A SWINDON Town player tested for coronavirus does not have the infection, director of football Paul Jewell has revealed.

Since professional football was suspended on March 13, the Town squad have been off training, a move that will now be extended into next week given the recent decision to halt a return to EFL action until at least April 30.

Jewell and manager Richie Wellens had been planning to hold a meeting with their players last Monday, but that was cancelled when an unnamed player felt unwell.

However, test results showed no coronavirus infection.

“Last Sunday I had a meeting with manager Richie Wellens and we were going to get the players in the next day and explain they would be having a few days off,” Jewell told the mirror.

“But one of the players wasn’t feeling well so we shut the whole place down.

“Luckily tests showed he hadn’t got the virus.

“We were due to start training again on Friday, but with the ruling about a further delay to any planned restart of the season we have put back the training for another week.”

The uncertainties that hang over the game remain a challenge for all involved in an unheralded situation for the sport.

Jewell added: “Even the most experienced managers in the country have never had to put up with anything like this. It’s bizarre.

"I sat down with Richie and we have to plan for something we have had no experience about. Meanwhile, players are climbing the walls.

“Normally at this time of the year, you’re looking to get the rest of the season out of the way and look forward to your holidays in the summer.

“I don’t think anyone can get their head around it. If we start in early May and we finish at the end of June with the play-offs to follow, it could then be the middle of July. Instead of going back for pre-season training some clubs, including ours, could still be playing.

“Many players would have booked their holidays. They might lose them and their money, which they can’t afford. Players’ contracts are up at the end of June and so you might be having to ask players to go on playing longer without any guarantees of a new contract.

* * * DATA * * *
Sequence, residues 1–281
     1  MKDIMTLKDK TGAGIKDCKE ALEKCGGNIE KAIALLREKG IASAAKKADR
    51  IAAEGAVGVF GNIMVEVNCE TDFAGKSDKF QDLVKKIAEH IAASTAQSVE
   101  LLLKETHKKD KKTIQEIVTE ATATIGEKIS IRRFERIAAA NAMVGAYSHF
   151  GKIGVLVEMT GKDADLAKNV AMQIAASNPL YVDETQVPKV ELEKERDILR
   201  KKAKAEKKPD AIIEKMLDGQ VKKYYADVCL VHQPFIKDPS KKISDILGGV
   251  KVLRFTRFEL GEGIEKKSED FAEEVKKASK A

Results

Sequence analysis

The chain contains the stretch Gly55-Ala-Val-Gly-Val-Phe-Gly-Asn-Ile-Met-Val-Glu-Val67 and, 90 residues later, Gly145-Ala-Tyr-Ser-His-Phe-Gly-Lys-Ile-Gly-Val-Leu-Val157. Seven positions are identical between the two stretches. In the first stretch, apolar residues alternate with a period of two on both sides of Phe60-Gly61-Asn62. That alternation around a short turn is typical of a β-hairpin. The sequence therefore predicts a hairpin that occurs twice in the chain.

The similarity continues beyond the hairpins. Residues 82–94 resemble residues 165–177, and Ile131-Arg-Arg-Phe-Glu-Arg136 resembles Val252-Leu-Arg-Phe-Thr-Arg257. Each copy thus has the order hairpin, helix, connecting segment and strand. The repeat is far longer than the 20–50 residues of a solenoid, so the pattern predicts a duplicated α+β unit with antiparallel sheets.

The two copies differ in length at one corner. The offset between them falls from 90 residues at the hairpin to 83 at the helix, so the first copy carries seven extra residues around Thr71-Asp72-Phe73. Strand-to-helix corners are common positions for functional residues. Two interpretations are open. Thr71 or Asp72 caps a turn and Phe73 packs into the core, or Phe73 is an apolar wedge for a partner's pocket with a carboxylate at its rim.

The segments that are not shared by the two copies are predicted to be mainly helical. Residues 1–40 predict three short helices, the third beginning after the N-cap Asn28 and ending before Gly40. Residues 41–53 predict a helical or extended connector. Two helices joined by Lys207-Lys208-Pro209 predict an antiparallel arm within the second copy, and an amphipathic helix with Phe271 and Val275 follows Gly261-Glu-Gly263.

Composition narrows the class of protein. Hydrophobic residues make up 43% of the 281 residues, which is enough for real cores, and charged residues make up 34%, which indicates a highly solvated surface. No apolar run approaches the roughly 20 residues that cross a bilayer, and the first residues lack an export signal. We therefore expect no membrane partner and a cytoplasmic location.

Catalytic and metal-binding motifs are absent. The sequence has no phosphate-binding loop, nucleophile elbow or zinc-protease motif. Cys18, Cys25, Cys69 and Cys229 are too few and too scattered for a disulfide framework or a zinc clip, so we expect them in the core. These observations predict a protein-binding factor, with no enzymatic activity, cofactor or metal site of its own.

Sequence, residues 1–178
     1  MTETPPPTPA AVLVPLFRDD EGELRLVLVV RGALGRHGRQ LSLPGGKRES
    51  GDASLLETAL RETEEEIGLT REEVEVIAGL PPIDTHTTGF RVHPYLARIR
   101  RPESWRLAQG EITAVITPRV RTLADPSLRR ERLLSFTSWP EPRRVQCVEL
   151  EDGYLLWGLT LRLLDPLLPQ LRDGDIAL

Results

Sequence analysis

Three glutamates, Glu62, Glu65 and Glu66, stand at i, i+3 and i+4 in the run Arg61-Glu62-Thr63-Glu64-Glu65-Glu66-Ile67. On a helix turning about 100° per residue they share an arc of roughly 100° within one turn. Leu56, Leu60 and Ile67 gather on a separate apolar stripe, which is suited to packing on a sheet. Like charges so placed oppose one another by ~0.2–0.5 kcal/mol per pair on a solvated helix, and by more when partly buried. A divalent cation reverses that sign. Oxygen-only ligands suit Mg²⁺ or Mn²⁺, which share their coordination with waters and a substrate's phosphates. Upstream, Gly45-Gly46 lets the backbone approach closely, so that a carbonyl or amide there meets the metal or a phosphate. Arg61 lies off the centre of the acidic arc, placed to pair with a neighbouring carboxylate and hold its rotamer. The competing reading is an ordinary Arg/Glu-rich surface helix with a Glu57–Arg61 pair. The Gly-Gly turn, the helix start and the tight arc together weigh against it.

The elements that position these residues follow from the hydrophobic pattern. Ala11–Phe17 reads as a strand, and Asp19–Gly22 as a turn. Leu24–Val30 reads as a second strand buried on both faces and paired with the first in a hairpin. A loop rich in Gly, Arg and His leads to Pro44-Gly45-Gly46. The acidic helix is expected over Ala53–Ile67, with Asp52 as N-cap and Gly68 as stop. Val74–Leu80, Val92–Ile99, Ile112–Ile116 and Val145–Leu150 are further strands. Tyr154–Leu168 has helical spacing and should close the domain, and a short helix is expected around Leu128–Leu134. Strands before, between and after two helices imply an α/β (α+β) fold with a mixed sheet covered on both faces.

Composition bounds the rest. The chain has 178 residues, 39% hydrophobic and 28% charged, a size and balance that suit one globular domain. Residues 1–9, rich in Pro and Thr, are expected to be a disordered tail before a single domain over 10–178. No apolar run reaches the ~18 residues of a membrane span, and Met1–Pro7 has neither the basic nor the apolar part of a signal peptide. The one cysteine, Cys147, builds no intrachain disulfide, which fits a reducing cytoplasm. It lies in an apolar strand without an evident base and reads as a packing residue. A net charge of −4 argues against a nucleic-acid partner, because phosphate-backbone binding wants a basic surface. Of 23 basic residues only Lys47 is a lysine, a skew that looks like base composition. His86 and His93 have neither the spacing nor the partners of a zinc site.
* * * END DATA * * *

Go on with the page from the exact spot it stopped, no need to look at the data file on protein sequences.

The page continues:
“It’s a real test for everyone involved in football; owners, chairmen, chief ¬executives, managers, players. No-one knows the answer because no-one has been here before.”

The financial impact of the coronavirus shutdown also has Jewell fearful for the future of lower league clubs.

The director of football worries that administration may be a real possibility for some of Town’s League Two rivals with the vital matchday revenue many rely on and budget for missing for the best part of two months.

“I’m frightened for the future, 100 per cent,” he said. “For EFL clubs, especially in the bottom two divisions, it’s all about people coming through the gate. The money they generate is paramount to us.

“That’s not the case in the Premier League. In the old days they used to say that supporters paid the players’ wages, but at the top level that is no longer the case with the vast amounts of money from TV and sponsorship.

“But at our level it’s completely different; we need that money. Owners can’t keep on putting their hands into their pockets to pay wages for players and staff with nothing coming in. The situation is serious. It really is serious at the level we are operating at.

“Many of the players in the lower divisions will be more and more dependent on whether the owners can keep dipping into their pockets. It’s like working from hand to mouth.

“I can see clubs forced to go into administration through no fault of their own. The £50million set aside in the week by the EFL will stop the bleeding to a certain extent, but it won’t repair the wound; it won’t be able to prevent a cash crisis the longer the ban on football continues.

“We know the Premier League is awash with money and, of course, some of it could be handed down to the EFL, but I can’t see it happening.”